in 2006, we published a case report in Obesity Surgery that perfectly illustrates this point.
The patient, a 25-year-old single female, was referred to us three years after she had received and adjustable gastric band.
In the two years following this operation, she had experienced a 57-kg weight loss. When her weight stabilized at 79.5 kg, she had her gastric band tightened in the hope of promoting further weight loss, however, this level of constriction resulted in severe dysphagia.
Given that the patient had a health professional background and had to travel long-distances to the clinic, she was instructed in how to self-adjust her band. This knowledge then precipitated a problematic pattern of behavior.
It turns out that this patient had a longstanding history of bulimia nervosa (which was something her surgeon was either unaware of or ignored) and now began using the band as a tool to aid her in her bulimia.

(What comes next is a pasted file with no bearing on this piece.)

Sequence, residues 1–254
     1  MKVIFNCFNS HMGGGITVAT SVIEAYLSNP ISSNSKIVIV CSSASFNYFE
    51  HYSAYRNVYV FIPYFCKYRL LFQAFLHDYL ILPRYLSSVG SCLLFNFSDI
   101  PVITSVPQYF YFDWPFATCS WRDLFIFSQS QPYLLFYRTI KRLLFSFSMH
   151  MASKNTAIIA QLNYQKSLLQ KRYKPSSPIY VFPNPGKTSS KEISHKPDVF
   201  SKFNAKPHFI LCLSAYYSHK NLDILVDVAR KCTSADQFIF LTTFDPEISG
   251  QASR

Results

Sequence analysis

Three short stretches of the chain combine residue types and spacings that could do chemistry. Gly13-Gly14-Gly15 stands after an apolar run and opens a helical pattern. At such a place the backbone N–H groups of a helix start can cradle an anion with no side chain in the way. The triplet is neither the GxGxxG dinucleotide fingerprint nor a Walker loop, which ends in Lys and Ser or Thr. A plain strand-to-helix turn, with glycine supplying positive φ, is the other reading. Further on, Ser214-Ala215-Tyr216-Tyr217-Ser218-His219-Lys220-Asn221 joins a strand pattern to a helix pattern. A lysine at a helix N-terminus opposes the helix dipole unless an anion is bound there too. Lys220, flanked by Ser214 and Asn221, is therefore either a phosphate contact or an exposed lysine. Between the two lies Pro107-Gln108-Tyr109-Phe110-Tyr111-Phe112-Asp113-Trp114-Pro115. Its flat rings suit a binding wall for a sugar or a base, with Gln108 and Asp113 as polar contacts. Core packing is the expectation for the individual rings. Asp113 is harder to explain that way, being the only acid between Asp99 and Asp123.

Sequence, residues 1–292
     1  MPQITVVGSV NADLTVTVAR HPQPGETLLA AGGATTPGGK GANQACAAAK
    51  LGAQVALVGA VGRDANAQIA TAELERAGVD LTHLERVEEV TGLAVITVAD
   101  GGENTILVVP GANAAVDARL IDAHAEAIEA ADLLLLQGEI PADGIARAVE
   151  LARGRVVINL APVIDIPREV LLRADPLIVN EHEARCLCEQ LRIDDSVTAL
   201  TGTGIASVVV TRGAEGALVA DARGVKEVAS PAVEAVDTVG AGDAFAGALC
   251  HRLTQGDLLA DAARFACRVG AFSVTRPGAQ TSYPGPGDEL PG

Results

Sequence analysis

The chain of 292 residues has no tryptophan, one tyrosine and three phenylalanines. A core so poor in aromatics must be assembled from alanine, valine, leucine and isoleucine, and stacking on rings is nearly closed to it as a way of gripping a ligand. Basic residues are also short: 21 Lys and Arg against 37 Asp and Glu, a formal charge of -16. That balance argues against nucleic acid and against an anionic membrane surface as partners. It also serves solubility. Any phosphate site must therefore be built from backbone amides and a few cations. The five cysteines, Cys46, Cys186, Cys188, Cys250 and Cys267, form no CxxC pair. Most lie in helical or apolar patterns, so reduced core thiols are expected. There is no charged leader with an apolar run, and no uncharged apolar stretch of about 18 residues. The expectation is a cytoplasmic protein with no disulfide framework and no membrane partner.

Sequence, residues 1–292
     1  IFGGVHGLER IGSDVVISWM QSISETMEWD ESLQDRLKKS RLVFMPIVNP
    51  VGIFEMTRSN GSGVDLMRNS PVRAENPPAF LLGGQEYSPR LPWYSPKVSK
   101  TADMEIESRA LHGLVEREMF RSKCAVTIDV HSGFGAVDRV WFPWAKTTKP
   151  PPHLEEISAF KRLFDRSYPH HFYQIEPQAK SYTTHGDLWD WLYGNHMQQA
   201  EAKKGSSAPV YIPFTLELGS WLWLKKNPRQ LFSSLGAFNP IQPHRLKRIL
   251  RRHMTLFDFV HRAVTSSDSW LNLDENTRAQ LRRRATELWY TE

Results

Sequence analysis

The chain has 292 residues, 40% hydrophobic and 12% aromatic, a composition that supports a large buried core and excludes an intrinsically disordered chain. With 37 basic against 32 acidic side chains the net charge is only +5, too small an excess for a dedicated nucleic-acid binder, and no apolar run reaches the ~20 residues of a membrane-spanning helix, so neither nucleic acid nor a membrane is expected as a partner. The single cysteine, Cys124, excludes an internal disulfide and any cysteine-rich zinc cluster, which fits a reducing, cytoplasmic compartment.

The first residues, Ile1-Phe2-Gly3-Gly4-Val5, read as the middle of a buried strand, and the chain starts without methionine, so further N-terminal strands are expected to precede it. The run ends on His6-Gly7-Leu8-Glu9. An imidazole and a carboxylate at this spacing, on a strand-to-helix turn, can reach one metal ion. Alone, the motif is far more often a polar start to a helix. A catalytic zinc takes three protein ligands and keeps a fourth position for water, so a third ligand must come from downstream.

At the time we saw her, she would alter her band almost daily, deflating it to binge and then tightening it to prevent food consumption.
The patient was severely distressed by her lack of control and ultimately contacted our clinic seeking treatment.
Following our assessment, the port was moved posteriorly so she was unable to access it and was referred to an eating disorders program for treatment of her bulimia and depression.
As we point out in our discussion,
“This case illustrates the importance of establishing guidelines pertaining to psychiatric assessment in this patient population and highlights a unique presentation of bulimia. Psychiatric illness does not exclude one from undergoing bariatric surgery, but to ensure an optimal outcome, it is important that all components contributing to the illness of obesity be identified and treated.”
As I always remind my patients, even the best bariatric surgeon is only operating on your gut and not your head.